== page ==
Globe and Mail, Oct 4, 2005, by Liam Lacey

Colin Firth:
the charmed life of a
late-blooming heartthrob


Colin Firth has said that he feels lucky he didn't become a "hunk" until he was 35he had a few years to learn to become an actor first. Tall, dark and somewhat brooding-looking, the 45-year-old actor spent part of his early career at Britain's Royal Shakespeare Company and went on to various film roles, typically playing naive young men. By the time he was 35, when he married Italian film producer Livia Giuggioli, he had had only had two girlfriends, including Canadian actress Meg Tilly, with whom he had a son.

Then, in 1995, he starred in the role of Fitzwilliam Darcy in the BBC miniseries of Jane Austen's Pride and Prejudice. (His brother Jonathan said, "Darcy
but isn't he supposed to be sexy?") But the role of Darcy, and particularly a scene where he emerged wet from a pond and earned the sobriquet the "male Ursula Andress," changed his life. Then later, there were two more Mr. Darcys in Bridget Jones's Diary and Bridget Jones: The Edge of Reason, and several other Darcy-like brooding film roles.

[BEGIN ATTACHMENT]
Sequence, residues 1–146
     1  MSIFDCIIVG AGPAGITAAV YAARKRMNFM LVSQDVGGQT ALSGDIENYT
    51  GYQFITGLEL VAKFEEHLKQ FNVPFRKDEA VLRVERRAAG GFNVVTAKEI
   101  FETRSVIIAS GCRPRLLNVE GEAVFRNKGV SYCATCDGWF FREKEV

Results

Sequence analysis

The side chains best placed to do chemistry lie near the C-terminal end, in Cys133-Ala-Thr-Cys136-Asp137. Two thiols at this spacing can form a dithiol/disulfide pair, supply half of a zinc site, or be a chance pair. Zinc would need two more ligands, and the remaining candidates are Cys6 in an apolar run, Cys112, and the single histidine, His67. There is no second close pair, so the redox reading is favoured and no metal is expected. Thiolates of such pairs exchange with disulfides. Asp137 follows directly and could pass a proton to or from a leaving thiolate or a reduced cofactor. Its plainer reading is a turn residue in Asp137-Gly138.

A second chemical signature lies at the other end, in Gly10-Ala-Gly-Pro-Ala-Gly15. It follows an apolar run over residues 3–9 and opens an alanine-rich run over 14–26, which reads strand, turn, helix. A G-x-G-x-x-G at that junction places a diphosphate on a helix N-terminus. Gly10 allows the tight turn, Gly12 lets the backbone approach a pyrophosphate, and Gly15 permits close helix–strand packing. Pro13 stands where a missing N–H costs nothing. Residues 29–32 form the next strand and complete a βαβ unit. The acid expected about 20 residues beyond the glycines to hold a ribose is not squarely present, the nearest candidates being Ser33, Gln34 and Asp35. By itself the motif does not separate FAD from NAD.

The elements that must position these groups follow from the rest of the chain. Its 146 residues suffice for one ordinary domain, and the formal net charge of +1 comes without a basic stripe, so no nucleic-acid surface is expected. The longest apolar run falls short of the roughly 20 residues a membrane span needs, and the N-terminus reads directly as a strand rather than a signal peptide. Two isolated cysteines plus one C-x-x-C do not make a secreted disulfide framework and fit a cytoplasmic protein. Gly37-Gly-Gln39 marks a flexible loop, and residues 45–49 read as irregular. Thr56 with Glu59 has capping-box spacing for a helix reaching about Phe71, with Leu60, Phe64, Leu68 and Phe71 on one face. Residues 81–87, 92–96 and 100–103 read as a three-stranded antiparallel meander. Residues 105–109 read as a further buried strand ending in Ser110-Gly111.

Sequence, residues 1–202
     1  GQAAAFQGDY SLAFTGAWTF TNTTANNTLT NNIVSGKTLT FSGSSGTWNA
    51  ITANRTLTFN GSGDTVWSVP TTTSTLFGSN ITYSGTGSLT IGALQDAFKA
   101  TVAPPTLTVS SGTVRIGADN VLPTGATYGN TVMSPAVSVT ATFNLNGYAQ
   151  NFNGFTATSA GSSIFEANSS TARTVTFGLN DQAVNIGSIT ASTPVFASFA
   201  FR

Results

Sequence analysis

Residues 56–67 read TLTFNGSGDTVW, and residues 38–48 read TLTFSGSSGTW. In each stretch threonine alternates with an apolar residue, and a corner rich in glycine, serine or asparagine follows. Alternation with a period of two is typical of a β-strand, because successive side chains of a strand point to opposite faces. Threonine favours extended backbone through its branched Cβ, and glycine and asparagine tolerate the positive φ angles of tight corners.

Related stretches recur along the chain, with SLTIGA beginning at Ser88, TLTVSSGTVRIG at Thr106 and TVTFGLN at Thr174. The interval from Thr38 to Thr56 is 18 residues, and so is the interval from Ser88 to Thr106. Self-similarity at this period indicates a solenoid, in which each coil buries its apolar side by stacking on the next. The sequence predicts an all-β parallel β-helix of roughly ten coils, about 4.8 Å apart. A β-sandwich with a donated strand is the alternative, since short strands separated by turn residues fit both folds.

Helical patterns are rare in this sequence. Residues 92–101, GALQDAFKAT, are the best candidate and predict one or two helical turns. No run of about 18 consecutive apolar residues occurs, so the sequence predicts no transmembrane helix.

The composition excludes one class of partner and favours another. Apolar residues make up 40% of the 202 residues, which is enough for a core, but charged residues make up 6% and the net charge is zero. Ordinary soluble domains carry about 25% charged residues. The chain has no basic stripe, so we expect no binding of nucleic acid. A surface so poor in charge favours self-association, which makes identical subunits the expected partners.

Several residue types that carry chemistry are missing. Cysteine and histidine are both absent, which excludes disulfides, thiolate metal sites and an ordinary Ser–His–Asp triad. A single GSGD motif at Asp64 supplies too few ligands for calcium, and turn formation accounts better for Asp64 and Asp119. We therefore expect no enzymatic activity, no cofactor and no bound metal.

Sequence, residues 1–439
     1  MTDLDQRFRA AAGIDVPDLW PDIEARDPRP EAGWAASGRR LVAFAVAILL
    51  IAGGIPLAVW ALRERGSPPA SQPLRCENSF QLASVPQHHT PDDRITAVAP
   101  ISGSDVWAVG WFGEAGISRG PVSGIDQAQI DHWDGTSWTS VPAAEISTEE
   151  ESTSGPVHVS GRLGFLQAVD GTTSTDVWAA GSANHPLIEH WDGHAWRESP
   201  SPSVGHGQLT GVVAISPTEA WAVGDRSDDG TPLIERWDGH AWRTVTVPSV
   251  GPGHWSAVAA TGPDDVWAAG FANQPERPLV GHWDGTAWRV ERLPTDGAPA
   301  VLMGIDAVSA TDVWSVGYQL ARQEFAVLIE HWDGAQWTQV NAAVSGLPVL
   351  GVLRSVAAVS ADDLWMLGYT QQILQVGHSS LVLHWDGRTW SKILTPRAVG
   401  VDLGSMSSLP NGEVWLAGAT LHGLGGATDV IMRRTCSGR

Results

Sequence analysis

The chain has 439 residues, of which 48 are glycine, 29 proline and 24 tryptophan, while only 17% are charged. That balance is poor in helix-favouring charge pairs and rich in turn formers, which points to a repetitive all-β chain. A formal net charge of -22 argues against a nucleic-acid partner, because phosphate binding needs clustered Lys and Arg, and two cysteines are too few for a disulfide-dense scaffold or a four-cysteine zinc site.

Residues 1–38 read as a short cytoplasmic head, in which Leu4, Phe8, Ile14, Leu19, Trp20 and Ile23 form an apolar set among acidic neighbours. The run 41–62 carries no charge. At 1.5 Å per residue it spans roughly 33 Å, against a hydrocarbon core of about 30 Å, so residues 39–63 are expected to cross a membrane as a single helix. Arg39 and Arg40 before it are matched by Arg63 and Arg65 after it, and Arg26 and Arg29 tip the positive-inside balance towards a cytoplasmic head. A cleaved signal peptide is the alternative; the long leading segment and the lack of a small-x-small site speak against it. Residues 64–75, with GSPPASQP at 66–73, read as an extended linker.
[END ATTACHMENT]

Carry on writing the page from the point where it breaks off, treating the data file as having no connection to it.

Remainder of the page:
Darcy, says Firth, has been sexy for 200 years but he's proud he made it convincing.

He once said, "I have a kind of neutrality, physically. I can be made to look a lot better, or a lot worse." His sex appeal is indirect, the male equivalent of the prim librarian who, under the right circumstances, may be persuaded to doff her spectacles and pull out her hairpins.

On this particular late afternoon, the second last day of the Toronto International Film Festival (TIFF), Firth was looking pleasantly rumpled, wearing a sports jacket over an untucked shirt, faded blue jeans on long legs and a lot of beard stubble. He was also bleary-eyed, not apparently related to the glass of red wine in his hand, but to exhaustion. He flew in the previous night from Tunisia, where he is shooting a sword-and-sandal epic, The Last Legion, for the TIFF premiere of Atom Egoyan's Where the Truth Lies.

He has a car waiting to take him to the airport in half an hour. Looking distracted, he put down the wine and asked a publicist for a double espresso. I asked him if he was very tired.

"A great understatement," he says. "Very tired was about 8 a.m. this morning."